Amid controversy, Hampshire College, located in Amherst, Massachusetts, has decided it will not fly the U.S. flag at this time, reports CNN.
The decision comes after an as yet unidentified person or group burned the flag displayed on the campus, notes WBZ.
That incident was preceded by controversy over the college allowing the flag to rest at half-mast in the days following the election.
See images of protests following the election:
On Monday, Jonathan Lash, the president of the college, released a statement, which reads in part, "Some months ago, the Hampshire College Board of Trustees adopted a policy of periodically flying the flag at half-staff to mourn deaths from violence around the world. Last week, in the current environment of escalating hate-based violence, we made the decision to fly Hampshire's U.S. flag at half-staff for a time...This was meant as an expression of grief over the violent deaths being suffered in this country and globally, including the many U.S. service members who have lost their lives...Unfortunately, our efforts to inclusively convey respect and sorrow have had the opposite effect."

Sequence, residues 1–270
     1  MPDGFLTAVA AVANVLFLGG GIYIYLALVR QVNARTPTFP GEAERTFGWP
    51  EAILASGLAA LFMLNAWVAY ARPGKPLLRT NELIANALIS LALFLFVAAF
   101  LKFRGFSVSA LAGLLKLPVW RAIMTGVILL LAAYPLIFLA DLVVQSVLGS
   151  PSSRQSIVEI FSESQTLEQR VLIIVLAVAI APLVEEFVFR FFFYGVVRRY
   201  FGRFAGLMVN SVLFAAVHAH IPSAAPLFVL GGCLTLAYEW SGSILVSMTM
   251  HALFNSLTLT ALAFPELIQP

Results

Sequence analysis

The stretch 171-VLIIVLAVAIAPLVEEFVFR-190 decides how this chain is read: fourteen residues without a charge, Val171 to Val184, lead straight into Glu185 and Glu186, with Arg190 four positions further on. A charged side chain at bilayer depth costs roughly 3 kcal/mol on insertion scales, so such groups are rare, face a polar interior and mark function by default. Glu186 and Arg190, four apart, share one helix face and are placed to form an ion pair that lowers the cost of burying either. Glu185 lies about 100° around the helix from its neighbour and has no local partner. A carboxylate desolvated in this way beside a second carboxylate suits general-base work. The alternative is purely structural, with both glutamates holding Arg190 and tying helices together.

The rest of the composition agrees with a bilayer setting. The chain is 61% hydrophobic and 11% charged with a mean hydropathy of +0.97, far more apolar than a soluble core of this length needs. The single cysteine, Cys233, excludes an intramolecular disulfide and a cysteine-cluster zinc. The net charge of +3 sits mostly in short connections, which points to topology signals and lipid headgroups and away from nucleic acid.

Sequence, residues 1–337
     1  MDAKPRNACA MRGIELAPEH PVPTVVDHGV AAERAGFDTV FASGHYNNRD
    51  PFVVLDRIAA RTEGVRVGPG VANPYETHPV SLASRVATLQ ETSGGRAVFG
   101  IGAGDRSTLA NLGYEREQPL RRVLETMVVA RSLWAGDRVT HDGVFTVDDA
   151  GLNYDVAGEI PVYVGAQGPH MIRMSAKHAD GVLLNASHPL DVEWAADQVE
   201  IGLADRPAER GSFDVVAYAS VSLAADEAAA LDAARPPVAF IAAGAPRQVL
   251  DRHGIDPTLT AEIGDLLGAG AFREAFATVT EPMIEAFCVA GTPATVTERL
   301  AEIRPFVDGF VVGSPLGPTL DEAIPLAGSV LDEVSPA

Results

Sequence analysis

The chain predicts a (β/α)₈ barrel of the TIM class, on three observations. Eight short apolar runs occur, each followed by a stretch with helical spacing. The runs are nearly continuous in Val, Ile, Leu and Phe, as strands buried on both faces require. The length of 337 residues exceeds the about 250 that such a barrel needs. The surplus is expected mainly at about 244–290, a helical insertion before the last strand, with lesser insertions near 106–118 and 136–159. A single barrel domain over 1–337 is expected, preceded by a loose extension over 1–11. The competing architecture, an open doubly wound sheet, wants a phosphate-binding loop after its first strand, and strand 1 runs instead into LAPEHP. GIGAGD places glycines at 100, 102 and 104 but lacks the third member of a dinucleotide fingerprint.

Lash added, "Some have perceived the action of lowering the flag as a commentary on the results of the presidential election – this, unequivocally, was not our intent."
Lash further noted, "After some preliminary consultation with campus constituents...we decided on Friday that we will not fly the U.S. flag or any other flags on our college flagpole for the time being. We hope this will enable us in the near term to instead focus our efforts on addressing racist, misogynistic, Islamophobic, anti-immigrant, anti-Semitic, and anti-LGBTQ rhetoric and behaviors."
Notably, the resolution does not impact the students' rights to fly U.S. flags, reports CNN.